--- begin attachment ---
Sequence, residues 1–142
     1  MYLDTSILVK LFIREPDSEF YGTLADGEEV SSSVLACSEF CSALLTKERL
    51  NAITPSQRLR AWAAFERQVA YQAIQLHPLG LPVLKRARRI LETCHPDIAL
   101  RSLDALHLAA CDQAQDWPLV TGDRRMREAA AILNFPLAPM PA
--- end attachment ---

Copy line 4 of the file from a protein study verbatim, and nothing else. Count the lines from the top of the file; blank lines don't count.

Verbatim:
   101  RSLDALHLAA CDQAQDWPLV TGDRRMREAA AILNFPLAPM PA